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Silk Road gets closer to reality

Zhang Yunbi
Updated: Dec 15,2014 10:41 AM     China Daily

China, Kazakhstan to strengthen cargo capacity at two railway ports

China and Kazakhstan singed an agreement related to the Silk Road Economic Belt, a symbolic step in the transcontinental connectivity megaproject that officials and experts said is taking shape and may become a reality next year.

Together with his Kazakh counterpart, Karim Masimov, visiting Premier Li Keqiang witnessed the signing of the agreement in Kazakhstan’s capital, Astana-the same city in which the Silk Road concept was proposed 15 months ago.

President Xi Jinping introduced the economic belt idea during his visit to Kazakhstan in September last year. The plan aims to revive the ancient Silk Road from China to Europe via Central Asia and Russia.

A joint statement after Li’s talk with his Kazakh counterpart said China and Kazakhstan “will continue to strengthen the cargo shipping capacity” at two railway ports along their border, at Alataw Pass and Horgos.

Mirroring the shared goal of shaping a more powerful Silk Road, the statement said the move aims at “creating favorable conditions” for developing cross-border shipping of international cargo.

An international highway crossing Eurasia from China to Western Europe, which is expected to be finished soon, was also lauded by the two governments as being of “great significance”.

Both governments also endorsed the start of a joint logistics terminal project in Lianyungang, Jiangsu province, this May.

Chen Yurong, a senior researcher at the China Institute of International Studies, said the landmark projects, such as the base in Lianyungang, best live up to the expectations of Central Asian countries.

The projects, with grand channels of shipment, “give worldwide trade access to the commodities of the countries themselves and improve their trade situation”, Chen said.

On Sunday, the two countries said “with satisfaction” that further implementing the joint connectivity projects “will be helpful to realizing the proposals made by the two leaders regarding rejuvenating the great Silk Road”.

The Kazakh proposal is represented by its New Silk Road program, which was proposed by Kazakh President Nursultan Nazarbayev in 2012 and was launched to boost major transport infrastructure projects, including railways.

Kazakh senior officials, including the president, have said the country also hopes to link its own development plan to the China-led initiative and become a major passage in Eurasia.

Good news for SCO

“Silk Road” has become a catchphrase during the Chinese premier’s trip to the Central Asian country, where he has planned to attend the 13th prime ministers’ meeting of the Shanghai Cooperation Organization and meet with key figures from the other five SCO member states-Russia, Kazakhstan, Tajikistan, Kyrgyzstan and Uzbekistan.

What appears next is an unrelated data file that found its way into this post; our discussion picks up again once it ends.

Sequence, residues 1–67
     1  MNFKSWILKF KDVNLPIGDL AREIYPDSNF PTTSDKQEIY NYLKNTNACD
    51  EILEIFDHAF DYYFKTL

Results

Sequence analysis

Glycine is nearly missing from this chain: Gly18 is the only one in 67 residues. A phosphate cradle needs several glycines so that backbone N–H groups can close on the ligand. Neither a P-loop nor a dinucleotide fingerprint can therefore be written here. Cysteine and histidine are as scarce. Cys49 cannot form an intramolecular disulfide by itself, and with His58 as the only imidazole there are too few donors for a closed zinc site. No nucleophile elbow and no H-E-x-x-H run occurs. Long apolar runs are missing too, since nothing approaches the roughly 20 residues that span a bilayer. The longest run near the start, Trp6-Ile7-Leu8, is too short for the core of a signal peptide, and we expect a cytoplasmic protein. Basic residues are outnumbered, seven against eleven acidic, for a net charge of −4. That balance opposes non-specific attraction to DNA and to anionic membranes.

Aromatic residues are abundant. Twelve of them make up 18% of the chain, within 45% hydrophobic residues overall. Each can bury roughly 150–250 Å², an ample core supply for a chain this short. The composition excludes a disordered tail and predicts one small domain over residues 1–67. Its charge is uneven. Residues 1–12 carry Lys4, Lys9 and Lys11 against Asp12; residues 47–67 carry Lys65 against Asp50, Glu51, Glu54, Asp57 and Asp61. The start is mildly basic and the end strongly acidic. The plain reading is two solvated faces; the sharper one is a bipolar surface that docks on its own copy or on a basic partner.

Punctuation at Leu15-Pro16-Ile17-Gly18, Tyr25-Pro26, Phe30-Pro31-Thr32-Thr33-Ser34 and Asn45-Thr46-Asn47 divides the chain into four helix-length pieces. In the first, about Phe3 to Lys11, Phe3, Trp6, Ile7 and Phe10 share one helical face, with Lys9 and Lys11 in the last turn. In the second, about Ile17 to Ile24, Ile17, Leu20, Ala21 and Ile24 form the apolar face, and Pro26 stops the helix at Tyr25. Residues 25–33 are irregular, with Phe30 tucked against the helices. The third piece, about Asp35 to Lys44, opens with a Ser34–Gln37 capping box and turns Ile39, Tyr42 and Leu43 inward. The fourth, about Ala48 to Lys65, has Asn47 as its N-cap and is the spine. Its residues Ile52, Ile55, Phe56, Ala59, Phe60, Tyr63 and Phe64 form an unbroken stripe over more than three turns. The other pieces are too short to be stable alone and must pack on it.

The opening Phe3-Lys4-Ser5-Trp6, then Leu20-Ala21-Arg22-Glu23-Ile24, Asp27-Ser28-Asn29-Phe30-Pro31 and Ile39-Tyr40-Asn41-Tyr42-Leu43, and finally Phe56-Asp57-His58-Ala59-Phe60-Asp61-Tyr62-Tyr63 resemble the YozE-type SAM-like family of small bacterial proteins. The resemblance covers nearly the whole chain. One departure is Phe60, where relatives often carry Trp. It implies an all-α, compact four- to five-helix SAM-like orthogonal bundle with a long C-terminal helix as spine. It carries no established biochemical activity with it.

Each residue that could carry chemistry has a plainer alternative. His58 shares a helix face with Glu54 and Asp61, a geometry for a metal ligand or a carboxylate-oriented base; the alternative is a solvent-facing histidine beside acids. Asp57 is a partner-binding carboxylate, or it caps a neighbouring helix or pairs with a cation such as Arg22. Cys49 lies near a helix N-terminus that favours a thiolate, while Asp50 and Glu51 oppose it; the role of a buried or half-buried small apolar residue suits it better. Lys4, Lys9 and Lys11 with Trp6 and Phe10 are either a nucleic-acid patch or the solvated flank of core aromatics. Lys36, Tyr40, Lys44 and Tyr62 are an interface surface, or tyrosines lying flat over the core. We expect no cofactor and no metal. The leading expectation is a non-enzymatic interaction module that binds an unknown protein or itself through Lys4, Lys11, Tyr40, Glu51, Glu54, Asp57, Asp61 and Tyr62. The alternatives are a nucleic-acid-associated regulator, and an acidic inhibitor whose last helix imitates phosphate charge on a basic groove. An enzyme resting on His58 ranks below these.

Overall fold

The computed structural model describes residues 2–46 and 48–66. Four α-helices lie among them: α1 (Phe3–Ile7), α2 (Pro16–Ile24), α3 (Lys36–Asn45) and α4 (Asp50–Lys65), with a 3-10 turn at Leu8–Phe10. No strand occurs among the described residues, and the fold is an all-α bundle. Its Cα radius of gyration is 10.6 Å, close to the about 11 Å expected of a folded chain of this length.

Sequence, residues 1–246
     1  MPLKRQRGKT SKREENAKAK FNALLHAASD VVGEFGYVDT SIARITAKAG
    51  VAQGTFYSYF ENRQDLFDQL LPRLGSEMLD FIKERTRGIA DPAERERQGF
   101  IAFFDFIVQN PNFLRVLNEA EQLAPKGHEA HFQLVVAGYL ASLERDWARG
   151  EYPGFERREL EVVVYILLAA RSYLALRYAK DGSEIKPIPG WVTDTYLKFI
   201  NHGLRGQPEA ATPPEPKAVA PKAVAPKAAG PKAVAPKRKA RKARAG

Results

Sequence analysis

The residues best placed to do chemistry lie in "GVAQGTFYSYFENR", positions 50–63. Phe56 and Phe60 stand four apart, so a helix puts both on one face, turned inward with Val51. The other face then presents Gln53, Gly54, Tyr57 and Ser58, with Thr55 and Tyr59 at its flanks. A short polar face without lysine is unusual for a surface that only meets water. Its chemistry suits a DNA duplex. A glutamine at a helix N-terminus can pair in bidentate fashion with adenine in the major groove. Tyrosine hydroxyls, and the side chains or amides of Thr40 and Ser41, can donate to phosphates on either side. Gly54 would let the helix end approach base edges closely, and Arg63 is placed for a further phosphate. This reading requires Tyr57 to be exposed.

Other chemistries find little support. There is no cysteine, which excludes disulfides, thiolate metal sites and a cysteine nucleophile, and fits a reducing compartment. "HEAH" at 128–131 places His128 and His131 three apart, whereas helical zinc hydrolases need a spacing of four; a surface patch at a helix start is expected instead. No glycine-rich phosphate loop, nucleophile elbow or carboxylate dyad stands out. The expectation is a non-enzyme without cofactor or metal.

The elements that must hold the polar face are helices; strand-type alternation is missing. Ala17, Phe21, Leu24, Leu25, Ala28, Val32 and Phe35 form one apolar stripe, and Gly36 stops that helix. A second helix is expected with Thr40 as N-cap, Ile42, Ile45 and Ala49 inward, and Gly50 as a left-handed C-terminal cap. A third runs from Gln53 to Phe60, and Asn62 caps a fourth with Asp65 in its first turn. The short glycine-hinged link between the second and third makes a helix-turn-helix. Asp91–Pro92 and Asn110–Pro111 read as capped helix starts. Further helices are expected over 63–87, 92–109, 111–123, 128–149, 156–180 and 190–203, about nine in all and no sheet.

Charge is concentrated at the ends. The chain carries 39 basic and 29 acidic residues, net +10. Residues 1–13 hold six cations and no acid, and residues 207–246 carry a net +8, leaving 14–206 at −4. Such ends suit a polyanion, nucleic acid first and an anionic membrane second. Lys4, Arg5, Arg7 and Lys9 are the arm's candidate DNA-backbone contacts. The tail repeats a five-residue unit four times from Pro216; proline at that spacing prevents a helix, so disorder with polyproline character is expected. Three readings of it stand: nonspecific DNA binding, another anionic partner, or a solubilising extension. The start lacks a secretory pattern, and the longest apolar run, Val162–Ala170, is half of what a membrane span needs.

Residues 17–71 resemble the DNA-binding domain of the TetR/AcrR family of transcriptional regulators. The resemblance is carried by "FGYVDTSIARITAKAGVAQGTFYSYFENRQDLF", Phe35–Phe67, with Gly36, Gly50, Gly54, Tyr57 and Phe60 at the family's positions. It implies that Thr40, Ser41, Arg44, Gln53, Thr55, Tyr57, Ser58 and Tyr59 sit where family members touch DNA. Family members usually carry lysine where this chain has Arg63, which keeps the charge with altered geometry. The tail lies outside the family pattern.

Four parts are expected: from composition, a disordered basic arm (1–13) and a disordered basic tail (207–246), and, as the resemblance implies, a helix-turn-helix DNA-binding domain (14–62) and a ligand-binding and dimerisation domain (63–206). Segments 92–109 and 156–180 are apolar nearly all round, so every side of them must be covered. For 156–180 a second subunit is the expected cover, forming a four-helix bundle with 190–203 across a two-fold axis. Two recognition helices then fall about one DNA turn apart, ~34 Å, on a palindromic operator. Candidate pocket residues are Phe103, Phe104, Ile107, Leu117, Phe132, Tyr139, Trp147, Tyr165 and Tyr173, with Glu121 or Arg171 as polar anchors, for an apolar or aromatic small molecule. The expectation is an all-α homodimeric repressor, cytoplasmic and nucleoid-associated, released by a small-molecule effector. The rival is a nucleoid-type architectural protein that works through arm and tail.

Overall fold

Before the visit, Li subscribed to the Silk Road theme in a signed article published by the Kazakhstanskaya Pravda newspaper on Saturday.

“Over 2,000 years ago, the two countries were linked by the ancient Silk Road, and now the Silk Road Economic Belt initiative enjoys profound historic connotations,” Li said.

Vice-Foreign Minister Cheng Guoping said on Friday that the general blueprint for the Silk Road Economic Belt has “basically” taken shape.

Cheng highlighted the Lianyungang joint-venture logistics base and urged enhancing interconnectivity with highways, railways, ports, air routes and oil and gas pipelines.

“China is willing to communicate with all the other SCO members on its respective development strategy and the plan for regional economic cooperation,” said Wang Shouwen, assistant commerce minister.

Xi announced in November that China will set up a Silk Road fund worth $40 billion to support infrastructure, resources, industrial and financial cooperation and other projects related to connectivity.

According to Foreign Minister Wang Yi, more than 50 countries along the ancient Silk Road have expressed a willingness to participate in the China-proposed “Belt and Road” initiative, which includes both the Silk Road Economic Belt and the 21st Century Maritime Silk Road.

Wang Yiwei, a professor at Renmin University of China in Beijing, said that a range of effective cooperative programs help motivate the countries along the trade route.

This year, discussions were focused on th⅞e structure and framework of the Belt and Road, and next year will see more efforts to iron out the details to achieve such a grand connectivity, Wang said.